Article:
Sanford denies Timaru move is to escape paying living wage

Bluff Community Board chairman Ray Fife says Sanford decided to relocate its white fish operations to Timaru after workers demanded a living wage.
Kavinda Herath/STUFF
Bluff Community Board chairman Ray Fife says Sanford decided to relocate its white fish operations to Timaru after workers demanded a living wage.

One of New Zealand's biggest seafood companies has rejected claims it moved jobs from Bluff to Timaru to avoid paying its workers the living wage. 

Sanford's decision to restructure its fish processing operations across the South Island resulting in job losses in Bluff is under fire from advocacy group Living Wage and community groups who believe the move to Timaru has given the company an easy way out of paying the living wage.

Bluff Community Board chairman Ray Fife claimed Sanford, which is a Sustainability and Environmental Award finalist in South Canterbury's 2019 Business Excellence Awards, had decided to relocate its white fish operations to Timaru only after workers demanded to be paid the living wage which is $21.15 per hour against the minimum wage of $17.70.

Julian Maze believes Sanford can afford to pay its staff the living wage.
Julian Maze believes Sanford can afford to pay its staff the living wage.

"When staff in Bluff initiated collective bargaining and asked for a living wage, the announcement of layoffs followed soon after," he said. 

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"The fishing company's decision to lay off 17 staff in Bluff left the small working-class community reeling, with few other jobs available."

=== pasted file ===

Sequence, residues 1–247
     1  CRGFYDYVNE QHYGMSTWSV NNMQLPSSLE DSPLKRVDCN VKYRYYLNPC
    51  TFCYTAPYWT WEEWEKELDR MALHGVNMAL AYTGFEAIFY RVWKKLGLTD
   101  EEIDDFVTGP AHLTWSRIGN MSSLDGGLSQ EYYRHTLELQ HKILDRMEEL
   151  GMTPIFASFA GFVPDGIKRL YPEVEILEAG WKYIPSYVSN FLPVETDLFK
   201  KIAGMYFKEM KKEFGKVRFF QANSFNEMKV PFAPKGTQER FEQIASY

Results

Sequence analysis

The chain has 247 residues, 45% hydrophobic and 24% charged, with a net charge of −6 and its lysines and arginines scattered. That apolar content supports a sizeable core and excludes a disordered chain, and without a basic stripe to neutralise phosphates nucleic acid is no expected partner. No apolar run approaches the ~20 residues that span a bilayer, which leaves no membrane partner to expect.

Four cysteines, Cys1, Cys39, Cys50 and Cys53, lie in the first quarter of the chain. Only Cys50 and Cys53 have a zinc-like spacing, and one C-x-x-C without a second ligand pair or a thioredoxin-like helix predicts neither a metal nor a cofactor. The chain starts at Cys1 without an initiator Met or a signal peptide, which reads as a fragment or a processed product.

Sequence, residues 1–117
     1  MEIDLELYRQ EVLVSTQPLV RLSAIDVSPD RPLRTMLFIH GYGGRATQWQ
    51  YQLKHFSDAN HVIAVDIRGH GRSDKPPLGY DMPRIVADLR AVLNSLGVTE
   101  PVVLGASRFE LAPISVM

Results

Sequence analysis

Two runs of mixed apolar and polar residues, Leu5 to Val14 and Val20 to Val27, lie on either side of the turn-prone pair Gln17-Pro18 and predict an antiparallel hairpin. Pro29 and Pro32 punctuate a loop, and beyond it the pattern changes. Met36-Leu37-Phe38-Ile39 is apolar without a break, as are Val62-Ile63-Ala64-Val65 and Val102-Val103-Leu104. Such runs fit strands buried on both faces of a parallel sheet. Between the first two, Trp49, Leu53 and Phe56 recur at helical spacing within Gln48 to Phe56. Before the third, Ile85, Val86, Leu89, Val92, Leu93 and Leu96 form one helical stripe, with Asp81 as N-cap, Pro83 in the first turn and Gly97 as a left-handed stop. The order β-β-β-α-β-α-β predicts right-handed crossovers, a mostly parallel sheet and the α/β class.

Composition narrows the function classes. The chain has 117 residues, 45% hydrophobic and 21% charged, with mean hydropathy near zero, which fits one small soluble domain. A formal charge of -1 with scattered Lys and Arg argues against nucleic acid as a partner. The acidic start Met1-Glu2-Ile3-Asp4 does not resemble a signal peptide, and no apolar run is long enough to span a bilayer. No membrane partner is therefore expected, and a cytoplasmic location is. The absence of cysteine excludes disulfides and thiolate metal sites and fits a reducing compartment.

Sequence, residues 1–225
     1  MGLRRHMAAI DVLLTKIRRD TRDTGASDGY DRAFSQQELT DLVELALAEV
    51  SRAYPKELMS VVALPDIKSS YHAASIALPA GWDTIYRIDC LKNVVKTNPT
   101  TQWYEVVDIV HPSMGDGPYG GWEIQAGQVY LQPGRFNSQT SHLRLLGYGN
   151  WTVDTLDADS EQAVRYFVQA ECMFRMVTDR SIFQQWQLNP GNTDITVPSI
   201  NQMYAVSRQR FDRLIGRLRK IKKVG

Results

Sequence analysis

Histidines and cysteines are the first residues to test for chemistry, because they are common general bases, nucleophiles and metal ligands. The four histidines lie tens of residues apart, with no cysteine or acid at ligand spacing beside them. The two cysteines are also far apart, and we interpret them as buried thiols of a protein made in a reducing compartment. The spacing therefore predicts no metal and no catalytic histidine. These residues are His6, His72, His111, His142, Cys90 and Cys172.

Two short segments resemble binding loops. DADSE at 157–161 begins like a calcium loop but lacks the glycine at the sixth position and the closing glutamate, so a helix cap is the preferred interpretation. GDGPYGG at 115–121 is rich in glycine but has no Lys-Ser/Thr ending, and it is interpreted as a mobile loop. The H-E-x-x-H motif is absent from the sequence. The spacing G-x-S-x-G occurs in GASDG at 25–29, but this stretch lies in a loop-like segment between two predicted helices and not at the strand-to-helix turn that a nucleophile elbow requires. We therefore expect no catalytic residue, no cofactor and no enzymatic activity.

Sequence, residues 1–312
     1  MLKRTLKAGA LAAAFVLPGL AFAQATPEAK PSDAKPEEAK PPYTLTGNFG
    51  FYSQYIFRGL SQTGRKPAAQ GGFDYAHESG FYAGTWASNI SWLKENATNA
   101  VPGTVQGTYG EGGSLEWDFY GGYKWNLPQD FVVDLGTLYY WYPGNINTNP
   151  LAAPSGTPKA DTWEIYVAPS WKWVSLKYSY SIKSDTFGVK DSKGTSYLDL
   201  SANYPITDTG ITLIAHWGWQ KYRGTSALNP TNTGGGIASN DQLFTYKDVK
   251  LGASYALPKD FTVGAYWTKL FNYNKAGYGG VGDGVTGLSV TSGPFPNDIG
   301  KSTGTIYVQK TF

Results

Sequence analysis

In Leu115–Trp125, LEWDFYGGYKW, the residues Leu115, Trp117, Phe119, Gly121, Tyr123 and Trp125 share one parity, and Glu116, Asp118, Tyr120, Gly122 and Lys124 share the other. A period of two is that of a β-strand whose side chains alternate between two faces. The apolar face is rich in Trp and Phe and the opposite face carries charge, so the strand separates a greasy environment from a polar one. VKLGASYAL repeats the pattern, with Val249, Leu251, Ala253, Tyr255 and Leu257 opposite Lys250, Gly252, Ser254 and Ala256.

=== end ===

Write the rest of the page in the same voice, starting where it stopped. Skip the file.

Sanford's factory at Timaru port.
Sanford's factory at Timaru port.

Fife said laid off staff would now be forced to seek work in Invercargill, which is about 30km away, and on Stewart Island.

Sanford's chief people officer, Karen Duffy, denied there was any ulterior motive in moving its white fish operations from Bluff to Timaru.

"Sanford's decision to consolidate the white fish operations in the South Island in Timaru and create a centre of excellence for salmon in Bluff has nothing to do with wage levels or any current wage negotiations. The two things were not linked in any way. 

"We had been facing a number of factors which were limiting the flow of white fish into Bluff for processing. Those factors included changing customer requirements for portions and changes in demand from export markets for certain types of fish." 

Duffy said the company could see the flow of white fish into Bluff would continue to decline and made the decision to consolidate its operations to Timaru, but it was forced to retrench staff while doing so. 

"Sadly in this process we did have to reduce the number of people we employ in Bluff and it has been a very emotional time as we have said our goodbyes. However in the longer term, we see a very positive picture in Bluff as we carefully grow our Stewart Island salmon farm over the next few years."

Duffy said Sanford could not comment on wage levels at the moment as the company was in the middle of negotiations with union representatives and "a good faith requirement of that process is that we make no specific comments in public".

"Our aim at Sanford is to be an employer of choice and wages are a part of this picture."

South Canterbury Living Wage Movement regional secretary Julian Maze said the living wage is independently calculated every year by the New Zealand Family Centre Social Policy Unit and refers to the minimum pay required to participate fully in community life, not just pay for necessities. 

"The 2019 rate is set at $21.15 per hour, but some Sanford employees receive as little as $17.70 per hour."

Maze said the company should become a living wage employer if it expected community support for its plans.

"Sanford's reputation in the community will improve if they pay people enough to lift their families out of working poverty," he said.

"We all deserve to live with dignity and respect, and we should be able to afford to do so whether we work on a production line, a fishing vessel or in a corporate boardroom."

Maze said Sanford made an after-tax profit in the most recent financial year of $22.9 million and is expanding operations in several areas around New Zealand.

"This leaves it with no excuse not to pay $21.15 an hour as this will not only help the workers but the community around its plants."

The Timaru Herald